Photo Credit: NBC 4 NY]]>
<![CDATA[NBC10 Clears the Shelters Day Is Here]]> Sat, 19 Aug 2017 08:30:39 -0400 http://media.nbcphiladelphia.com/images/206*120/Brandywine+Clear+the+Shelters.JPG

Linda Torelli from the Brandywine Valley SPCA joins NBC10's ted Greenberg to discuss Saturday's Clear the Shelters event and introduce us to a furry friend up for adoption.

Photo Credit: NBC10]]>
<![CDATA[Protect Your Eyes During Solar Eclipse]]> Sat, 19 Aug 2017 07:53:23 -0400 http://media.nbcphiladelphia.com/images/213*120/Solar_Eclipse_Warning.jpg

NBC10's Drew Smith discusses the dangers of looking at an eclipse without the approved glasses or a pinhole viewer.

<![CDATA[Paint on the Face: Vandals Deface Frank Rizzo Mural]]> Sat, 19 Aug 2017 09:36:12 -0400 http://media.nbcphiladelphia.com/images/215*120/Frank+Rizzo+Mural+Paint+Vandal.JPG

As the debate over if the Frank Rizzo statue should remain on city property continues, a mural of the late Philadelphia mayor was defaced overnight.

A police officer patrolling the area around the Italian Market in South Philadelphia – once a Rizzo stronghold – heard breaking glass just before 3 a.m. Saturday in the area of 9th and Montrose streets, police said.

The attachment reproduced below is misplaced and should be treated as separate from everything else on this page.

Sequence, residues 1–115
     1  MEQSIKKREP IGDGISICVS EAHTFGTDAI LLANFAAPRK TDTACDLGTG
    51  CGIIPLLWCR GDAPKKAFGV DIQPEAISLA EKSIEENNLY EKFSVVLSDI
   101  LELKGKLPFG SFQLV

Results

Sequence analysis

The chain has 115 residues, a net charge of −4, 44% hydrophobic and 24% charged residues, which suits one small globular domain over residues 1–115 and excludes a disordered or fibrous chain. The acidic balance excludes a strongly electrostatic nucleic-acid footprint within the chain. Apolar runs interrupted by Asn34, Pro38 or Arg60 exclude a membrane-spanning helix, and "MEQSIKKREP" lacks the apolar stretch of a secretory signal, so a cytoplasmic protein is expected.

The officer rushed toward the mural to find a group of masked people with mason jars full of white paint and spray paint vandalizing the mural.

One of the paint-filled glass jars smashed onto Rizzo’s face leaving a large splash of paint over Rizzo’s nose. Vandals also wrote the words “Kill Killer Cops” and “Rest in Peace David” – apparently a reference to David Jones, who was shot and killed during a June traffic stop.

The officer gave chase and caught up to one of the suspected vandals but the others got away, dropping jars of paint along the way.

This was at least the third time the Rizzo mural was vandalized including as recent as May.

“The mural of Frank Rizzo has been both beloved and reviled since its creation in 1995 by artist Diane Keller,” Mural Arts Philadelphia executive director Jane Golden said earlier in the week. “Given our history about community-driven projects, perhaps it is time to have a conversation about whether this mural should stay or be replaced by something else.”